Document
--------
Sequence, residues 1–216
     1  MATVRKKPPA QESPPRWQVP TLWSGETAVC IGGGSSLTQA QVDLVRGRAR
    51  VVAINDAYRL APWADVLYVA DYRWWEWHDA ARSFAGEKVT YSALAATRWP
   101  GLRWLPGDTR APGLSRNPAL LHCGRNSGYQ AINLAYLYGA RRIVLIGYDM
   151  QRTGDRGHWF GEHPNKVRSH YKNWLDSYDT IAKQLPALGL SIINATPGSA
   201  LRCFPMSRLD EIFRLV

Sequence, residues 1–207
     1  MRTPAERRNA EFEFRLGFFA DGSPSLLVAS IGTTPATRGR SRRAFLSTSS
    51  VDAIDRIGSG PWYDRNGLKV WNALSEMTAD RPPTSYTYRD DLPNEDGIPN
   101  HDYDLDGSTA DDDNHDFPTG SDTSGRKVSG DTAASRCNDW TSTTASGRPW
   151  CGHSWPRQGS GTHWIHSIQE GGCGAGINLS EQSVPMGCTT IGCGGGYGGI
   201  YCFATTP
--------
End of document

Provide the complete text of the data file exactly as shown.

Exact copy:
Sequence, residues 1–216
     1  MATVRKKPPA QESPPRWQVP TLWSGETAVC IGGGSSLTQA QVDLVRGRAR
    51  VVAINDAYRL APWADVLYVA DYRWWEWHDA ARSFAGEKVT YSALAATRWP
   101  GLRWLPGDTR APGLSRNPAL LHCGRNSGYQ AINLAYLYGA RRIVLIGYDM
   151  QRTGDRGHWF GEHPNKVRSH YKNWLDSYDT IAKQLPALGL SIINATPGSA
   201  LRCFPMSRLD EIFRLV

Sequence, residues 1–207
     1  MRTPAERRNA EFEFRLGFFA DGSPSLLVAS IGTTPATRGR SRRAFLSTSS
    51  VDAIDRIGSG PWYDRNGLKV WNALSEMTAD RPPTSYTYRD DLPNEDGIPN
   101  HDYDLDGSTA DDDNHDFPTG SDTSGRKVSG DTAASRCNDW TSTTASGRPW
   151  CGHSWPRQGS GTHWIHSIQE GGCGAGINLS EQSVPMGCTT IGCGGGYGGI
   201  YCFATTP